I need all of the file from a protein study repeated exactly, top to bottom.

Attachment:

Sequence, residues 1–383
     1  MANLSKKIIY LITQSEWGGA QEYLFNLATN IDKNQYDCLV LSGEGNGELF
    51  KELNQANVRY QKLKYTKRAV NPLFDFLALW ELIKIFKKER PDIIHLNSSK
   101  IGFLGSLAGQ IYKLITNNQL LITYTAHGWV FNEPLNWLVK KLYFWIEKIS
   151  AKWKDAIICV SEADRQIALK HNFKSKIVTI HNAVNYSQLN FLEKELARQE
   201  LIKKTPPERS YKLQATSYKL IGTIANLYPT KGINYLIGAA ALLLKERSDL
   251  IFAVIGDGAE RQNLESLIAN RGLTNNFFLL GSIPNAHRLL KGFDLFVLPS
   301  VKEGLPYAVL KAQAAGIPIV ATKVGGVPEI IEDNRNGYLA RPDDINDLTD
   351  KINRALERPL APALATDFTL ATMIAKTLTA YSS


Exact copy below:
Sequence, residues 1–383
     1  MANLSKKIIY LITQSEWGGA QEYLFNLATN IDKNQYDCLV LSGEGNGELF
    51  KELNQANVRY QKLKYTKRAV NPLFDFLALW ELIKIFKKER PDIIHLNSSK
   101  IGFLGSLAGQ IYKLITNNQL LITYTAHGWV FNEPLNWLVK KLYFWIEKIS
   151  AKWKDAIICV SEADRQIALK HNFKSKIVTI HNAVNYSQLN FLEKELARQE
   201  LIKKTPPERS YKLQATSYKL IGTIANLYPT KGINYLIGAA ALLLKERSDL
   251  IFAVIGDGAE RQNLESLIAN RGLTNNFFLL GSIPNAHRLL KGFDLFVLPS
   301  VKEGLPYAVL KAQAAGIPIV ATKVGGVPEI IEDNRNGYLA RPDDINDLTD
   351  KINRALERPL APALATDFTL ATMIAKTLTA YSS